Some couples will be willing to delay their big day due to the coronavirus outbreak and others will find ways to forge ahead within the lockdown regulations.
“Large gatherings will likely be prohibited for some time,” points out wedding planner, Emily Lockhart. “Even when the lockdown is lifted, smaller, more intimate weddings, are likely to become the norm.”
For those who are not willing to wait, is a virtual wedding a step too far?
To help couples make up their minds, and give you a glimpse of what the next wedding you'll be attending may look like, here are four main aspects of a virtual wedding:
Can this be done? Officiator Fiona Bowden from Hatches, Matches, and Dispatches says yes!
“It can be done on the day, but the legalities would need to be followed up in person for now,” says Fiona, adding that thumbprints and the signing of documents needs to be in person. However, this could be digitised in future as well.
Wedding moments captured virtually
Live streaming your wedding is not something entirely new. When people marry in somewhat unconventional wedding locations such as Las Vegas, to which couples typically elope, they may have had their families and friends log-on to watch the ceremony live.
However, Graeme Brunt from Wedding Frames Film Company says he could never have forecast that live streaming a wedding would one day become a necessity. “Some time back, we looked into this as an optional extra. It’s relatively simple if all the technical issues behave themselves!”
Graeme does point out that the most affordable and convenient way is currently to broadcast using your social media page.
Other innovative ways include using social media hashtags and virtual photo solutions. Recently, DJ Jarryd Sunkel from KZN Wedding DJ created a virtual photo booth for his last online wedding. “As guests posted photos, I picked them up to create a collage to send onto the bride and groom later.”
Deliver your favours
The innovation doesn’t end there. “If you apply your mind positively to the challenge, creative solutions will always bubble up,” says Charmagne Mavudzi, Volvo’s head of marketing and communications.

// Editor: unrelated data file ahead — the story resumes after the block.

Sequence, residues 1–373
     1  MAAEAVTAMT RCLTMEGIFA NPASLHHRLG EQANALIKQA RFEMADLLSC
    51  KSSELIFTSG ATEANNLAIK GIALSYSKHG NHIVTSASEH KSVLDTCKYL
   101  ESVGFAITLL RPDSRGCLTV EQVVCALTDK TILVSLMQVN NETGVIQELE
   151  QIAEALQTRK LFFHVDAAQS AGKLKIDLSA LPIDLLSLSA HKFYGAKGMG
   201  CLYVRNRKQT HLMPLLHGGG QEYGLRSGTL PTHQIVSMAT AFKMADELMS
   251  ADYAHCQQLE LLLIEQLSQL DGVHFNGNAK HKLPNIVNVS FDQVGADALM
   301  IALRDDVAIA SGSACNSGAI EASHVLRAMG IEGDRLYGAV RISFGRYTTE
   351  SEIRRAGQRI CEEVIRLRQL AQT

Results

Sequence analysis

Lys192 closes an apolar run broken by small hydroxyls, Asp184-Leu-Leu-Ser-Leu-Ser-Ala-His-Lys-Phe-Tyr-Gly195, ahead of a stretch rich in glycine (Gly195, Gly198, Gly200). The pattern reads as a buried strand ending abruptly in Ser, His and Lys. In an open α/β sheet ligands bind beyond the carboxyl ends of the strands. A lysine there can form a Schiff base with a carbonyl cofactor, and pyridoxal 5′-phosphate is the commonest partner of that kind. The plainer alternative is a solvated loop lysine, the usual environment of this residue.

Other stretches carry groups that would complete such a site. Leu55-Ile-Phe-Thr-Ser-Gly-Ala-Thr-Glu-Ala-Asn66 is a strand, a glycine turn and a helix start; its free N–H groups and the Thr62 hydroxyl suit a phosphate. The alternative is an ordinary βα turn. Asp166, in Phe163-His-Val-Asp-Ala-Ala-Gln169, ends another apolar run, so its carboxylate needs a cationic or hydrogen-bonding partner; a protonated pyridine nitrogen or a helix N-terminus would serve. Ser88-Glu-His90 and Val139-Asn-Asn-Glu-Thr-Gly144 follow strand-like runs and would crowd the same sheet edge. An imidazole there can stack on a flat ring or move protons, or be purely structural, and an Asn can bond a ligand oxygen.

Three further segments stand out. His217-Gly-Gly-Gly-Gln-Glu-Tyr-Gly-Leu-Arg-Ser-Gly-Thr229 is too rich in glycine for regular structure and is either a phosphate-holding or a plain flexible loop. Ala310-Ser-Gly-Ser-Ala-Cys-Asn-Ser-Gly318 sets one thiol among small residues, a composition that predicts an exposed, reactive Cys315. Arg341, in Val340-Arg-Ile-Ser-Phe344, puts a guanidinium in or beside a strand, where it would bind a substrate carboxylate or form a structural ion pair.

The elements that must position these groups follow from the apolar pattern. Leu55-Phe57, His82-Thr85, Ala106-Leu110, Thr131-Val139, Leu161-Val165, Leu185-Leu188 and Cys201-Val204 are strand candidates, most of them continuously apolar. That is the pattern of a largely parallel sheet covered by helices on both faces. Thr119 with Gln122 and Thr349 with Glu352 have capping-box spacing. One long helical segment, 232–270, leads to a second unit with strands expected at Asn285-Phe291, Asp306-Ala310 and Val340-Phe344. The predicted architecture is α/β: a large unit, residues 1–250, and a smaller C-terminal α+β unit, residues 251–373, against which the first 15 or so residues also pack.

“The car has always played a significant role in a wedding as the bride’s chariot. For a virtual wedding, the car could rather be used to deliver party packs and guest favours. This way, you will bring the wedding theme into each guest’s home, so that you can share in some of the same wedding experience together.”
There are innovative solutions that may be available in future. For instance, Volvo's relationship with Uber will eventually see autonomous cars on our roads, making the door-to-door delivery potentially that much more germ-free.
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Live streamed DJ afterparty
DJs from around the world are live streaming sets from lockdown, and thousands of people get to tune in. Will virtual weddings take on a similar theme?
DJ Jarryd Sunkeld, is already setting up hosting and service solutions to increase his bandwidth to host live parties for two hours or more.
“This will be very popular for guests from abroad who can’t attend the wedding because of Covid-19 restrictions,” the DJ points out.
For the past two weekends, he has played two-hour live sessions for couples who were due to get married. The bride and groom sent messages to their guests, inviting people to “tune in” with over 140 guests joining one of the sessions.
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While digital innovation in the wedding industry is undoubtedly accelerating, much can be said for seeing your loved one getting married in the flesh.
“I don’t see virtual weddings ever replacing the real-life experience,” comments Emily. “This pandemic will pass, and the traditional wedding will return. In the interim, virtual weddings will be a short-term necessity.
"All the valuable digital solutions that are developing along the way are likely to become ‘must-haves’ for future weddings though,” she concludes.